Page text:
Not even remotely boring
Originally published in Brainstorm magazine, February 2020
Remote site and branch office connectivity solutions have undergone something of a technology revolution.
Connectivity solutions have often been neglected. Remote locations, rural complexities, limited infrastructure and dodgy connectivity have left remote offices/branch offices (ROBOs) neglected by frustrated IT departments and companies. Like lost technology graveyards, these sites are often littered with creaking legacy technology solutions, the tattered remains of attempts to get the people and the platforms connected. This has to change. Organisations planning to take advantage of digital transformation cannot allow for their ROBOs to become a liability. Efficient ROBO connectivity and technology has become critical to ensuring capable business operations.
Businesses are looking for solutions that are cost-effective, reliable and relevant to the South African market. They want technology that allows them to not only ensure seamless business integration and remote site control, but that allow them to do more with what they have. In South Africa, solutions have been designed around the fact that there is unreliable connectivity. Cellular coverage is limited, fibre hasn’t reached many areas of the country, 5G has yet to even become a tangible reality, and infrastructure is patchy. Fortunately, the evolution of satellite, innovation in cellular and the changing potential of software have seen a rise in solutions shaped specifically for the ROBO environment and in ensuring robust connectivity.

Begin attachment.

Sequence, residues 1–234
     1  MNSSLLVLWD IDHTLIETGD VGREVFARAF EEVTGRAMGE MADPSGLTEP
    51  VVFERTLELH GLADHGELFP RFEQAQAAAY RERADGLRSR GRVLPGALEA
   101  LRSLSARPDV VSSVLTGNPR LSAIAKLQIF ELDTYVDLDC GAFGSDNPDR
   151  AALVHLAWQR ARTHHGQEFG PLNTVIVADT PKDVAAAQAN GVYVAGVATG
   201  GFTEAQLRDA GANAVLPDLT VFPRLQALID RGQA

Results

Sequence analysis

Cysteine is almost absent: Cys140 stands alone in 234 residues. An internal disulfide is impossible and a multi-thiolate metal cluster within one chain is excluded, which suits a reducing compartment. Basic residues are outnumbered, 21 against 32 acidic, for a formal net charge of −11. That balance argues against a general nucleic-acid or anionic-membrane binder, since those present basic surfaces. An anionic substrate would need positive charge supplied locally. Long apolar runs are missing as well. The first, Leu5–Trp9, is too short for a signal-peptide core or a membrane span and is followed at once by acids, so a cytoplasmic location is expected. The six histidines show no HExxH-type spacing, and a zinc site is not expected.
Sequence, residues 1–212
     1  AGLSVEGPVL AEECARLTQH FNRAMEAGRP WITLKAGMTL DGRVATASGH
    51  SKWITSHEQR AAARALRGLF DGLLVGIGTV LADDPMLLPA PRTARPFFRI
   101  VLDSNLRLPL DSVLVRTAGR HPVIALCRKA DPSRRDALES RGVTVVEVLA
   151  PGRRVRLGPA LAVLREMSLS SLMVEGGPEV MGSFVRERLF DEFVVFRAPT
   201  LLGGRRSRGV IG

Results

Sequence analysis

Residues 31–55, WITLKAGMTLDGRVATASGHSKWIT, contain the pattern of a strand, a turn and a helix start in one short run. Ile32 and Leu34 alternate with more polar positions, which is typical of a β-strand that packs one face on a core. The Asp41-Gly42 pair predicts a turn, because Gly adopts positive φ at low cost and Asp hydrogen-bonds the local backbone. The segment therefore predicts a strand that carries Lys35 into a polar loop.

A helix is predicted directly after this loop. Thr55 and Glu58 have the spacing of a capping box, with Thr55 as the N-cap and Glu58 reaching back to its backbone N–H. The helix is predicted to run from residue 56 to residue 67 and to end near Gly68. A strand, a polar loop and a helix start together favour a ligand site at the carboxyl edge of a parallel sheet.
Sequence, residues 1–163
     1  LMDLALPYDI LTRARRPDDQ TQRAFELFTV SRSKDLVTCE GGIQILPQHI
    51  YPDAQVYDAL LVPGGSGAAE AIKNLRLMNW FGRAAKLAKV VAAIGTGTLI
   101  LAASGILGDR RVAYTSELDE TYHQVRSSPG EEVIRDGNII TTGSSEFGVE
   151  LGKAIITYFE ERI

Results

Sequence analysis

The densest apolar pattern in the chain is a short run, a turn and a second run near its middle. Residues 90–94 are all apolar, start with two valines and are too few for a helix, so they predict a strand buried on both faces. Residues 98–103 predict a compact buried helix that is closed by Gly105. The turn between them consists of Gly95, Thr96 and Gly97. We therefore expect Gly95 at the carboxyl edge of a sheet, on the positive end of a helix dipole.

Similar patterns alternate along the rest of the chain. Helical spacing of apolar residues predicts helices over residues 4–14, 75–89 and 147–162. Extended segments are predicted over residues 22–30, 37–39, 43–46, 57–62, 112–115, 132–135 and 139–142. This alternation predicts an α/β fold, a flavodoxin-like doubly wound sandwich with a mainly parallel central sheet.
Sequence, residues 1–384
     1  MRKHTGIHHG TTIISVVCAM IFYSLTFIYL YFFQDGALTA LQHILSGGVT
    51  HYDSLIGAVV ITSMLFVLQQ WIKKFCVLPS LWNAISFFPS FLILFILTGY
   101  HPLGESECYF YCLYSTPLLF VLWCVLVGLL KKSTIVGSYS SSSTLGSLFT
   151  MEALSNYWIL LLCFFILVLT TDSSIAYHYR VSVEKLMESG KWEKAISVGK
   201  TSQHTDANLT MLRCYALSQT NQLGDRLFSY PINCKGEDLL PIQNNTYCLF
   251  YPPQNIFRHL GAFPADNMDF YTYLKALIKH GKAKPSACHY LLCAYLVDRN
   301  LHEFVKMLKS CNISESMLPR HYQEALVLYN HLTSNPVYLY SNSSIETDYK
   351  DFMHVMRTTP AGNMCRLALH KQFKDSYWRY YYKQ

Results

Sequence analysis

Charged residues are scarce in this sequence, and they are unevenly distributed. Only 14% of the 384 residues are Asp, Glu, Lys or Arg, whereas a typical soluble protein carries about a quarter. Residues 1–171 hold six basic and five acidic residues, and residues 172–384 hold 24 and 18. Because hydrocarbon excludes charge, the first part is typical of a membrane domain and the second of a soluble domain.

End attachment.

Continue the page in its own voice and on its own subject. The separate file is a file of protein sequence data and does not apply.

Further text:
Satellite has become a far more reliable and accessible solution; now that the costs have come down, it allows for deeper visibility into extremely remote areas without the price tag. It’s also capable of bypassing the challenges that limp in alongside cellular, especially in areas where the networks are poor, if not impossible to reach. However, satellite comes with its own issues, such as high latency, and this can affect application efficiency. Solutions have to understand latency and slow connections, and they need to include TCP session optimisation to ensure the solution fits the site’s purpose. Then, of course, SD-WAN bursts through the door.
SD-WAN has lived up to its promise of automating the enterprise WAN to provide both operational and agility benefits. It allows for the enterprise network to be unified from end to end while offering visibility and control across the board, improving operations and service agility. It’s capable of being implemented within the South African context to be flexible and scalable enough to adapt to future business requirements. That said, SD-WAN hasn’t seen significant adoption in South Africa and it can be initially more expensive on installation over the short term due to contractual commitments and transition periods.